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British Journal of Medicine and Medical Research, ISSN: 2231-0614,Vol.: 4, Issue.: 34 (01-10 December)


Exploring Medicine Information Needs of Hypertensive Patients Using Short Message Service


O. J. Ola-Olorun1*, M. O. Afolabi1, T. O. Oyebisi2, A. O. Ogunsina1, A. O. Akintomide3 and R. A. Adebayo3

1Department of Clinical Pharmacy and Pharmacy Administration, Faculty of Pharmacy, Obafemi Awolowo University, Ile-Ife, Nigeria.
2African Institute for Science Policy and Innovation, Faculty of Technology, Obafemi Awolowo University, Ile-Ife, Nigeria.
3Department of Medicine, College of Health Sciences, Obafemi Awolowo University, Ile-Ife, Nigeria.

Article Information


(1) Dr. Wenbin Zeng, School of Pharmaceutical Sciences, Central South University, Hunan, China.

(2) Dr. Sami Nazzal, College of Pharmacy, University of Louisiana at Monroe, USA.

(3) Dr. Ke-He Ruan, Director of the Center for Experimental Therapeutics and Pharmacoinformatics (CETP), Professor of Medicinal Chemistry & Pharmacology, Department of Pharmacological and Pharmaceutical Sciences, University of Houston, USA.

(4) Dr. Crispim Cerutti Junior, Department of Social Medicine, Federal University of Espirito Santo, Brazil.

(5) Anonymous


(1) Anonymous

(2) Anonymous

(3) Omosivie Maduka, University of Port Harcourt Teaching Hospital, Nigeria.

(4) Anonymous

Complete Peer review History: http://www.sciencedomain.org/review-history/5468


Aims: To explore the pattern of unmet medicine information needs of hypertensive patients on long term therapy and their attitude to use of SMS (mobile phone short message service) for medicine information exchange with hospital pharmacists.
Sample: 117 hypertensive patients on long term therapy who had been accessing care for at least one year.
Study Design: An exploratory medicine information exchange programme followed by a cross-sectional survey.
Place and Duration of Study: Outpatient Clinic of Department of Cardiology at Obafemi Awolowo University Teaching Hospitals Complex, Ile-Ife, Nigeria between October, 2010 and May, 2011.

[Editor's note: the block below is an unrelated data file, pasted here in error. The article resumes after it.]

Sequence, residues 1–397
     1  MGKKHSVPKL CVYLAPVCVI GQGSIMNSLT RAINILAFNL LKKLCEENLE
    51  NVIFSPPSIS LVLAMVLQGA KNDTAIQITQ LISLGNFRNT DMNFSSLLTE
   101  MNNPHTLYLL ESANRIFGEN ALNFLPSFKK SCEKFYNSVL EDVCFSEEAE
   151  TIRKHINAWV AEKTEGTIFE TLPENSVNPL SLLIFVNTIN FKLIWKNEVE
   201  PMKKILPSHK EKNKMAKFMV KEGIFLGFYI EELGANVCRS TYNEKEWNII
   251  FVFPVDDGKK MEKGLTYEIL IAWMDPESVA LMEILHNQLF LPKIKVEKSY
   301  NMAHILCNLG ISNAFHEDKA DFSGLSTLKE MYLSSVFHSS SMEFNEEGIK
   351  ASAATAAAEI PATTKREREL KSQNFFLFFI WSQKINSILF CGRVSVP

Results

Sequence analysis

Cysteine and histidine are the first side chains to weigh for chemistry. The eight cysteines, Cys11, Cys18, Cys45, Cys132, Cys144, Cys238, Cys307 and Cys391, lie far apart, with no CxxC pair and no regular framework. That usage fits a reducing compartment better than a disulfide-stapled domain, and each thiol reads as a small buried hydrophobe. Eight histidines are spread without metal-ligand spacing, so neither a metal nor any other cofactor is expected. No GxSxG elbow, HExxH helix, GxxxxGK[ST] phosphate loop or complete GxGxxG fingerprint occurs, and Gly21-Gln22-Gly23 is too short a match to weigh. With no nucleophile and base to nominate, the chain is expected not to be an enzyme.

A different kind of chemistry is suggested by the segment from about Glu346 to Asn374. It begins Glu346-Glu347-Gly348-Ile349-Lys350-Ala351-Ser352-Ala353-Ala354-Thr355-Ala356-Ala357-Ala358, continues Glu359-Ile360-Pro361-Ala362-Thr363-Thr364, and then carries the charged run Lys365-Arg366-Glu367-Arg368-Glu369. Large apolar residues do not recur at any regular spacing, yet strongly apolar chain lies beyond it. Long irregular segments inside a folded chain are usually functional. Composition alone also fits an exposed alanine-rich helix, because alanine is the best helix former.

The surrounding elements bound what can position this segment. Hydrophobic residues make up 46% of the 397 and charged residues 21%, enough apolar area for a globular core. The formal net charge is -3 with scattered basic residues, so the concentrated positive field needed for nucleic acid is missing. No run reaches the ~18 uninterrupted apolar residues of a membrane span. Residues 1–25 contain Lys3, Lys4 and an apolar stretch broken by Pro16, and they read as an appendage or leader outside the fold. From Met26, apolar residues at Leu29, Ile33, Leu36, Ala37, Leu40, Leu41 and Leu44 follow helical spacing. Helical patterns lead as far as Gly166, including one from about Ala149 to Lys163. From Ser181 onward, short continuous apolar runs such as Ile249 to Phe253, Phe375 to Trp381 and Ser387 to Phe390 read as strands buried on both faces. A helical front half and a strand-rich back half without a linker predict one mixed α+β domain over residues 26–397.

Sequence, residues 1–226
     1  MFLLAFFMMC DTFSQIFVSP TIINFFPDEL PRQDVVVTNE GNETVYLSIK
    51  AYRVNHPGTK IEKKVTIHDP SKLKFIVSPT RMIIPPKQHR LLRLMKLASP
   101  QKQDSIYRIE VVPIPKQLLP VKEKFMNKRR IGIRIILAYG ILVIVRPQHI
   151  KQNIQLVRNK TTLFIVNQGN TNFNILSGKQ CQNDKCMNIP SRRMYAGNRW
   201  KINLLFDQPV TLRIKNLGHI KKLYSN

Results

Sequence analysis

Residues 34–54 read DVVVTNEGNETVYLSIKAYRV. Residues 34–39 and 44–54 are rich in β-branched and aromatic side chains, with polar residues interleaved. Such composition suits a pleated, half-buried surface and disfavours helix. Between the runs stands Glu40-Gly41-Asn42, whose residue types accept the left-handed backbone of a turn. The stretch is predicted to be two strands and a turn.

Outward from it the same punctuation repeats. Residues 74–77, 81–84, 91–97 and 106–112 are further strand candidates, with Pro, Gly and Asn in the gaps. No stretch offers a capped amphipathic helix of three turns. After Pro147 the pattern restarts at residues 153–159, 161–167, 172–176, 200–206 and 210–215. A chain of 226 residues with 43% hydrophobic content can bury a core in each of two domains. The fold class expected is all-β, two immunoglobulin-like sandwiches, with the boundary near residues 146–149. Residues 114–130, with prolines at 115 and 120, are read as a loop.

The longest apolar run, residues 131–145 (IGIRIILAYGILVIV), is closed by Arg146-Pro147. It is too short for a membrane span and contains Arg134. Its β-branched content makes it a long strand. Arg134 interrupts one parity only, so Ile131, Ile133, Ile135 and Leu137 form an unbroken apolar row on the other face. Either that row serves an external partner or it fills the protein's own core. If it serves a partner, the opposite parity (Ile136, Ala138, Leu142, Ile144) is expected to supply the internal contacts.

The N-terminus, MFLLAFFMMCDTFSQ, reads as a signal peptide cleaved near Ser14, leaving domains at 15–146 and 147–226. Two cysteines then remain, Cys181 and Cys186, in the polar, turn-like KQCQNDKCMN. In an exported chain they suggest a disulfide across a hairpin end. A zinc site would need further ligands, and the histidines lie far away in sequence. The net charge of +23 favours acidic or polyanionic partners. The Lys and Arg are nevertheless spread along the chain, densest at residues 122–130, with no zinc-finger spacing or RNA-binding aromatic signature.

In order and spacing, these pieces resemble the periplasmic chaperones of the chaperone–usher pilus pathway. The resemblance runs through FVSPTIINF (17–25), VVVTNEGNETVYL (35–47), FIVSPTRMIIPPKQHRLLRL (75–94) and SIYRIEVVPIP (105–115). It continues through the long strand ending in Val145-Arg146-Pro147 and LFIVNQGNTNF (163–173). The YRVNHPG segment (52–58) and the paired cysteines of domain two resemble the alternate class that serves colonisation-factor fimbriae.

Methods: Patients were prompted with SMS twice weekly for 5-8 months for use of their medication with advice to send their medicine information needs to the hospital pharmacist. Received messages were subjected to content analysis to identify their themes. A semi-structured questionnaire was used to explore patient attitude to the use of SMS. The 17-item questionnaire was designed on a 5-point Likert scale for responses with weights of 0-4. Data obtained were analysed using both descriptive and inferential statistics. These include frequencies and mean of weighted averages (MWA); tests of relationships, associations and of differences in means.
Results: A total of 63 SMS texts were received from the respondents and 44% of the messages expressed medicine information needs. Majority of the enquiries were related to indications and adverse effects. The patients’ attitude to the use of SMS for medicine information exchange with pharmacists was generally positive (MWA=3.13) with no significant demographic effects. Some (46%) of the patients called for institutionalisation of the medicine information exchange programme.
Conclusion: The unmet medicine information needs of chronic hypertensive patients in the study were related mainly to indications and side effects of prescribed and non-prescribed medications and the patients clamoured for use of SMS in redressing the anomaly.

Keywords :

Medicine information need; hypertensive patients; long-term therapy; SMS (mobile telephone short message service); patient attitude.

Full Article - PDF    Page 5368-5380

DOI : 10.9734/BJMMR/2014/8858

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